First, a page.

Market Feb. 6
our Students Will Direct
The Broadman Library of World
'The Big Parade' To Star
R esale And Purchase War and Post Wardom history locat- Gilberi And Summerville
f ( ,e ok' in New York is now open for re-
01' Used Tiextbookis search. according to a recent an- Here Sunday, Feb. 2
nouncement by Dr. Joseph Boardman,
The Student Book Exchange will founder of the library. The famous World War I picture,
-open for business on Thursday, Heretofore the collection of Ameri- "The Big Parade", will be shown here
cbruary 6. in the lobbies of the can and foreign news accounts, edi- at 8:30 p.m. next Sunday in the
ichigan Union and M i c h i g a n torial comments and broadsides has Lydia Mendelssohn Theatre by the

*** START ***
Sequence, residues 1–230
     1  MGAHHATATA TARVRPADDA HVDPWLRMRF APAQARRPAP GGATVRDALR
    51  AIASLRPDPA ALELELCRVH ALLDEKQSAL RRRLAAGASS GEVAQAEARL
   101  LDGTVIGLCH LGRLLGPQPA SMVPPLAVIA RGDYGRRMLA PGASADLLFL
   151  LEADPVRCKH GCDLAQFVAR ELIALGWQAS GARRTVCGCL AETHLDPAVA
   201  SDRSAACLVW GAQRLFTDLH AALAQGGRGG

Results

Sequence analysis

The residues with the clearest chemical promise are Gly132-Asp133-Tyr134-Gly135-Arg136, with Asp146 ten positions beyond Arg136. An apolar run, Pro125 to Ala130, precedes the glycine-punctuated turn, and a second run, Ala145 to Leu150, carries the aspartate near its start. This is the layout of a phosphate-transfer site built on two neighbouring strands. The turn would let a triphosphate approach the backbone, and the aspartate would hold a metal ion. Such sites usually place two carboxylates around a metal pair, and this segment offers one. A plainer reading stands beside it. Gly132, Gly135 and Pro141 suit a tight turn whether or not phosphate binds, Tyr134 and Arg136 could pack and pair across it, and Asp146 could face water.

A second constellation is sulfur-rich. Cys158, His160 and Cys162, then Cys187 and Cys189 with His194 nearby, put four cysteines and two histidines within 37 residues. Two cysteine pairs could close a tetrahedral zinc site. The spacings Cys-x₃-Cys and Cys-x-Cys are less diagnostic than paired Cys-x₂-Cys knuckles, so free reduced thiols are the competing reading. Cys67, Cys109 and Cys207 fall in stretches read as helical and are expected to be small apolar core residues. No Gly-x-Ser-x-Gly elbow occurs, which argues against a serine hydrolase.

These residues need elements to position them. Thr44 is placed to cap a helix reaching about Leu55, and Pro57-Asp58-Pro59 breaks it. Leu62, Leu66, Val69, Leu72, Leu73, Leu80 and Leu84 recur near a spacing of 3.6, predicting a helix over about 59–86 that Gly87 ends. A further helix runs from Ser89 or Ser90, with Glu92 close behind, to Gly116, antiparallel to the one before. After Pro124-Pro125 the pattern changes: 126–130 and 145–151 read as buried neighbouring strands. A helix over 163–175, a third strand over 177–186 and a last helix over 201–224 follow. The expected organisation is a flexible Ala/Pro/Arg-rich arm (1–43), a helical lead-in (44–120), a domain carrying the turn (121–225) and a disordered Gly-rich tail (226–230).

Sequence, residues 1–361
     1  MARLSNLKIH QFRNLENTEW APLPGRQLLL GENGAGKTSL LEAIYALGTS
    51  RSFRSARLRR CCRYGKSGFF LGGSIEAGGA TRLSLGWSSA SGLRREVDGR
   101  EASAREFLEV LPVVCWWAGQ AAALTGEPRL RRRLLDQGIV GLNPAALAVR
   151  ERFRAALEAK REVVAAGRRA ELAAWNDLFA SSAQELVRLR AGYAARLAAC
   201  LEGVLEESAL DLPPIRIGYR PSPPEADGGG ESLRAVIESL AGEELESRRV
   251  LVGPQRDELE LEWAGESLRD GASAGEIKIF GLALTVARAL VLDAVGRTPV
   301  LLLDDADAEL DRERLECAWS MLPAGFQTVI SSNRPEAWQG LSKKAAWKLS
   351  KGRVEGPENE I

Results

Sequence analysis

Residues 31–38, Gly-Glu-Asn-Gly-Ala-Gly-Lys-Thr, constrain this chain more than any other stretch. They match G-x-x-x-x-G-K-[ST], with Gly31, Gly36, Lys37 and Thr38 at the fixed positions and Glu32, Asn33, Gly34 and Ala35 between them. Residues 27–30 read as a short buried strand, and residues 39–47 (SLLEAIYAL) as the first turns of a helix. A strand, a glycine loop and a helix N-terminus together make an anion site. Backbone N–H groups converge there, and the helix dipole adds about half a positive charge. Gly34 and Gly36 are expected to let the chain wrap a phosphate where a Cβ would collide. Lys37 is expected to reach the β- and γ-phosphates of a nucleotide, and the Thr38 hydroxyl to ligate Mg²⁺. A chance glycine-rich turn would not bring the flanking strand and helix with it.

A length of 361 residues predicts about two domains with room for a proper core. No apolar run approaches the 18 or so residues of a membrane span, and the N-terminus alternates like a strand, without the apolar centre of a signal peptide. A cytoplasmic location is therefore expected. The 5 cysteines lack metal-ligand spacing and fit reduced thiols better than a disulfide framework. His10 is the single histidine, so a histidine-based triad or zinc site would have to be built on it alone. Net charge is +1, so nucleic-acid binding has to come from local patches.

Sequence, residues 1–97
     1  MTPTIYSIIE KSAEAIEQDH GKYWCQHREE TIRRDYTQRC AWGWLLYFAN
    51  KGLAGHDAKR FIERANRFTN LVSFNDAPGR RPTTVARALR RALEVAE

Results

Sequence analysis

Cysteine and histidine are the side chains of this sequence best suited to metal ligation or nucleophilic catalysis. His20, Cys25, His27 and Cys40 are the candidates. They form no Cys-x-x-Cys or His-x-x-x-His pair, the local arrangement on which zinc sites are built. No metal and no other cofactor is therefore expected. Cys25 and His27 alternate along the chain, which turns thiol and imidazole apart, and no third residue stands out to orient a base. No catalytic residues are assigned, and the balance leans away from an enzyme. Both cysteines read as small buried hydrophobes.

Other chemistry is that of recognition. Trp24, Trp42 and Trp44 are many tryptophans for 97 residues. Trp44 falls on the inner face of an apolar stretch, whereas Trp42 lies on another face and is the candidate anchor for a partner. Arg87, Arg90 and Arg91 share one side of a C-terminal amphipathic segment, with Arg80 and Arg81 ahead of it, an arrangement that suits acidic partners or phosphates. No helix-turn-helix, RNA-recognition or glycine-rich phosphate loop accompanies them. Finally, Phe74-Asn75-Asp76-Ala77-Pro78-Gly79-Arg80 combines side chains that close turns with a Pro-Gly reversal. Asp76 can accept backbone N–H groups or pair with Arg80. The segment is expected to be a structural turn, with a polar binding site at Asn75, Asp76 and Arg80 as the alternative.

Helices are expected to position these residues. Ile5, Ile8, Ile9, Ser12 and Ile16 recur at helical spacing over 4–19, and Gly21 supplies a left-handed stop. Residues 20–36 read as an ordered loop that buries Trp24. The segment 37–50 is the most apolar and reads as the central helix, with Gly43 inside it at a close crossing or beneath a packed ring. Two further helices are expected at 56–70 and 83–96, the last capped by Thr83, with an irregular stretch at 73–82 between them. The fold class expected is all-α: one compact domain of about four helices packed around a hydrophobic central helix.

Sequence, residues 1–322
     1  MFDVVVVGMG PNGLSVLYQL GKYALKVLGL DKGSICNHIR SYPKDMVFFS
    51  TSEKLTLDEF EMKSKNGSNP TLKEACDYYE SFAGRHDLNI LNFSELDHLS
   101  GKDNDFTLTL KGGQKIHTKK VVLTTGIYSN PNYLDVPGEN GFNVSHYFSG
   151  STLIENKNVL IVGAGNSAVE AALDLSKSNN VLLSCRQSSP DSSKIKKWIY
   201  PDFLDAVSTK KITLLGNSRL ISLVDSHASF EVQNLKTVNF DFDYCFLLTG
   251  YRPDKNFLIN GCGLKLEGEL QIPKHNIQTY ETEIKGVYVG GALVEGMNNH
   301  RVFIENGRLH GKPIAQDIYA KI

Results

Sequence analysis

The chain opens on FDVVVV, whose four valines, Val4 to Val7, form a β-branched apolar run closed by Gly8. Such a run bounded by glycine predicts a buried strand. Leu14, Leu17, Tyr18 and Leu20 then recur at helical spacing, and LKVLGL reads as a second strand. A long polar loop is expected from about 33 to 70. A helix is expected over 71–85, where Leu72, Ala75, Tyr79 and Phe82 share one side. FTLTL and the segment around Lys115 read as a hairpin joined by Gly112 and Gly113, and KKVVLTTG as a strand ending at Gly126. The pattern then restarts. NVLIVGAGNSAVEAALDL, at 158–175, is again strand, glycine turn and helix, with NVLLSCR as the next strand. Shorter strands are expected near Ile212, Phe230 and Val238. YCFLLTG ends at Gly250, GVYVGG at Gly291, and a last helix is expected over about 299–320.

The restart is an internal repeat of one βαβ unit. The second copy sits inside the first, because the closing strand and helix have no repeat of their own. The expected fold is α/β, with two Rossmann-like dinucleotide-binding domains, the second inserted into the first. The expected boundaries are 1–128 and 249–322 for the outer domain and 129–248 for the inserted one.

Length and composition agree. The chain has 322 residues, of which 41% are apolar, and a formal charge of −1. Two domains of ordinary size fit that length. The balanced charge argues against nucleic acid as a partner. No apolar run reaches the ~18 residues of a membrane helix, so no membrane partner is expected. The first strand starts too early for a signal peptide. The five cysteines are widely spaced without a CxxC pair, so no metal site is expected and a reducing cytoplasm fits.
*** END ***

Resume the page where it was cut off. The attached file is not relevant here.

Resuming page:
ague, it was announced yesterday been accessible only to students of Art Cinema League, as the third in
students directors Bob Samuels, the war period by special invitation. their series of outstanding films of
2, of the Union staff, Barbara Ditt- But because Dr. Broadman believes the past.
an, '41. and Beth Cartor. 41. of that "here and in the European con- The late John Gilbert stars in the
e League. flict problems are being raised, ques- movie which also features the well-
The Book Exchange is sponsored by tions are being asked which are strik- known comedian, Slim Summerville,
e Union and League to help ease ingly parallel to those of the World and a cast of actors considered "all-
e impact on students' pocketbooks War period. It is my hope that by star" in the 1930's. The picture, a
next semester's textbooks. It is a making the library available for re- sound-wired production, will be sup-